"And, they're great coaches. They know and everybody knows that these young guys are going to have to play and step up. The coaches take on that challenge, where we're bringing in the right guys to not only fit the physical part of the scheme but also the type of guys from a character standpoint that we're trying to build this with, 'At least you have a chance to have a chance with these guys,' " Spielman added. "I do know for as much time as we spend watching tape and evaluating what we do, we really try to spend as much time on, 'Do they love football? Do they fit all of the off-field traits, do they fit all of the grit and toughness, everything we try to look for when we bring guys in."

Kubiak's input — and that of others — was helpful in the Vikings selecting a quartet of impact rookies on offense, beginning with first-round center Garrett Bradbury, the only Vikings player to be on the field for all 731 of Minnesota's offensive snaps in 2019.

Second-round tight end Irv Smith, Jr., has also come on of late, as he caught his first touchdown pass Sunday against the Broncos. The rookie has 27 catches for 261 yards and a score in 2019.

Alexander Mattison, a third-round running back, has averaged 4.80 yards per carry so far. He has 394 yards and a score on 82 carries.

And seventh-round wide receiver Bisi Johnson has also been called upon, especially with Thielen hampered by a hamstring injury for almost half the season so far. The former Colorado State standout has 24 catches for 225 yards and two touchdowns.

Kubiak has also had a calming effect on Zimmer, much like former Vikings offensive line coach Tony Sparano had before he unexpectedly passed away in July of 2018.

Zimmer recently said the history between the two goes back to 1994 when Kubiak was in San Francisco as the quarterbacks coach and Zimmer was in Dallas as an assistant defensive backs coach. (Kubiak's 49ers earned a 38-28 win over Zimmer's Cowboys in the NFC title game that season as Steve Young had three total touchdowns against Dallas' defense).

"I don't know about shooting the breeze too much, once in a while, maybe a couple times a week I'll walk down to his office and sit down and just ask him questions," Zimmer said. "You don't have a lot of time to sit around and just chit-chat, but we usually go down and spend 10-15 minutes there.

"We talk a lot about offensive and defensive football," Zimmer added. "I just love his demeanor and the way that he and Kevin can communicate during the games and also during the week on game plans."

Added Kubiak: "I know the job he has to do, and I know the job that I have to do for him. But we have some great conversations. When you've been a head coach before and you come off of a game, a lot of times the assistant coaches don't know what the head coach is dealing with that day. I know when Zim' is dealing with when other things are going on, so we have a lot of conversations. When I see him coming down the hall, I can see him from a distance because my office is in the corner up there, I know he's usually coming down to sit and just talk for a little bit. But I've really enjoyed it, very impressed with Zim' and his work and the job he's doing with this team."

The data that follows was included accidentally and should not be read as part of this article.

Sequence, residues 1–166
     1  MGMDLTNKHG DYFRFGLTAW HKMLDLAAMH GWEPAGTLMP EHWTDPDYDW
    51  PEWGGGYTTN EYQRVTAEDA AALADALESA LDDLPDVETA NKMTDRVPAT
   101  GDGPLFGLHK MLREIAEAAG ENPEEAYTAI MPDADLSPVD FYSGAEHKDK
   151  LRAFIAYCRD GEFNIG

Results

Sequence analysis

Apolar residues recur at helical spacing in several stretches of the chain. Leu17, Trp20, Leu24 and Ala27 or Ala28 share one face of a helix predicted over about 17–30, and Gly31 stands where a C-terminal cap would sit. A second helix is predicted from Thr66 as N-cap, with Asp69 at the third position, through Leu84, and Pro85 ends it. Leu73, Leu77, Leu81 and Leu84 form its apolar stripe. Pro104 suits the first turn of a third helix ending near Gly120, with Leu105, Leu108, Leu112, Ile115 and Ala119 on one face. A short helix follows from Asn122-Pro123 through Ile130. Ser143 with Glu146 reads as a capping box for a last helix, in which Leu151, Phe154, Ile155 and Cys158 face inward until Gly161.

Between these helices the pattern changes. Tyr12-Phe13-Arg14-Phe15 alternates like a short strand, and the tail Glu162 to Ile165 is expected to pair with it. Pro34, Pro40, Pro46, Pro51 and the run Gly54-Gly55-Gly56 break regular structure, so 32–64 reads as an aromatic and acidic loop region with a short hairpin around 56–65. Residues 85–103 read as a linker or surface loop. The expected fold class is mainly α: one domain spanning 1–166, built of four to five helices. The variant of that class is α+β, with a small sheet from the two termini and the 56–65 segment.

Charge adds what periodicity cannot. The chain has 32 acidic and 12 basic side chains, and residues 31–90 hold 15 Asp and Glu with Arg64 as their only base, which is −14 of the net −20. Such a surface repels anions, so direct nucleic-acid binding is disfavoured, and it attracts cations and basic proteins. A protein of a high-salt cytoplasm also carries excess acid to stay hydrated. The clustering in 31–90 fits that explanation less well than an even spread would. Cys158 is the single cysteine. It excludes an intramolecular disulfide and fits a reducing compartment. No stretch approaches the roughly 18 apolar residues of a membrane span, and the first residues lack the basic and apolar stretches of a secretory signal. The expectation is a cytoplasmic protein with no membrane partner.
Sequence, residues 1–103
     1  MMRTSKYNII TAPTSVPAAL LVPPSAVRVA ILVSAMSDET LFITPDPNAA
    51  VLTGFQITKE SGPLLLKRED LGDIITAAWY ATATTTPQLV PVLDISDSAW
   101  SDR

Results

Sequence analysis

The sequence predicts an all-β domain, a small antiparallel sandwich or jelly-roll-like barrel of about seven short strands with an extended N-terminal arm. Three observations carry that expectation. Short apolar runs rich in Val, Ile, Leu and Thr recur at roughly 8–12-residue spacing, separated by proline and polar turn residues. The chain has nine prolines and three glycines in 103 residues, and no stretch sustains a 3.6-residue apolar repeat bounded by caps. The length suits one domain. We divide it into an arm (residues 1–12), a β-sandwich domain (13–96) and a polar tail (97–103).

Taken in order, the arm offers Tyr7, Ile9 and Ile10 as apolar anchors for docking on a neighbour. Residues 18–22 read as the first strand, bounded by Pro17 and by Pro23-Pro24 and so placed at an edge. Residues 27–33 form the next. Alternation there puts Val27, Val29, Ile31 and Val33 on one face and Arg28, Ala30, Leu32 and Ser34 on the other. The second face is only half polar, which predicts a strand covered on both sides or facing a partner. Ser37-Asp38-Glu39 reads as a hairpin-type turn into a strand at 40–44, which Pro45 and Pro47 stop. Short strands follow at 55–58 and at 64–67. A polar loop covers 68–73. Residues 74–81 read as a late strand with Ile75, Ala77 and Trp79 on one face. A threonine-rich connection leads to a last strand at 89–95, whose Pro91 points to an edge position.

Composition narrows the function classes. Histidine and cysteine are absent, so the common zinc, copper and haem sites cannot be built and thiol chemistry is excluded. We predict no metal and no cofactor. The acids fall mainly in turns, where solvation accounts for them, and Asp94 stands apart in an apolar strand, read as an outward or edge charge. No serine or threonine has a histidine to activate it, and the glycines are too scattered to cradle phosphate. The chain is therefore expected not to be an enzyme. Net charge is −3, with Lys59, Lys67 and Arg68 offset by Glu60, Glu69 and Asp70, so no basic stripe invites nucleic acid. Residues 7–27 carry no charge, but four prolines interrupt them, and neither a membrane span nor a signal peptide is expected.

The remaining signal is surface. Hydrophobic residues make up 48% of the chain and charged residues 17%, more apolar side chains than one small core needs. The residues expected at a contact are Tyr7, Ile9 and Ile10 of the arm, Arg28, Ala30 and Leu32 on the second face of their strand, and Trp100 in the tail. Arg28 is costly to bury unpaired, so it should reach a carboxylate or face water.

Kubiak didn't have much to prove when he arrived in Minnesota, as he'd already cemented himself as one of the best offensive minds of his generation. But that generation wasn't in the present, where teams are more apt to get in shotgun, spread the ball out and chuck it around 50 times per game.

Kubiak's system is more focused on a zone-running scheme with mobile offensive linemen who have been supplemented by big-bodied personnel (multiple tight ends and or a fullback.

The topic of Kubiak's legacy has come up here and there in recent weeks. And yes, the Vikings have shown that you can still be successful playing a different brand of football than most teams.

But Kubiak is also making sure he passes on other traits, too. Mainly to Stefanski, who is looked at as a potential NFL head coach one day.

"I think it's been great having him around. It's been invaluable to me, as this is my first year doing this," Stefanski said. "Having somebody that I can bounce ideas off of both during the week and during the game.

"And then on top of that, you guys know Gary," Stefanski added. "Great person, so in terms of working together I think he among all of our staff, I'd point out to every single one of our coaches, I think it's really a great working environment where we can get a lot done and respect each other's ideas and thoughts, and Gary is certainly at the forefront of that."

Whether it's little things such as a word of advice in a team meeting, lending an ear to Zimmer or helping out with a big-picture ideas such as who the Vikings should take in the draft, there is zero doubt that Kubiak has had an immense impact on the Vikings thus far.

Not that it means he wants to be a head coach again.

"The itch? No, it has not given me the itch. I'm doing just fine," Kubiak said. "I'm enjoying what I'm doing. I had my chance to be the head coach, I really enjoyed it, but I'm enjoying what I'm doing now."

But it could mean an exceptional final six weeks of the 2019 season for the Vikings, who currently sit at 8-3 and are well-positioned for both a playoff spot and a possible division title.

If Kubiak can help the Vikings achieve something they never have before, it would give Kubiak a total of five Super Bowls in his career.

So far, so good for Kubiak, who is enjoying the ride so far in Minnesota.

"[The success so far in 2019] was my vision, but I think like anything else, I walked in here with a great group," Kubiak said. "It's a very experienced coaching staff, especially from the defensive standpoint. Obviously with Zim', a tremendous amount of experience.

"But I think they told me what they wanted me to do, they kind of explained my role to me, and it's truly been exactly that," Kubiak added. "[I'm] looking forward here to the stretch run."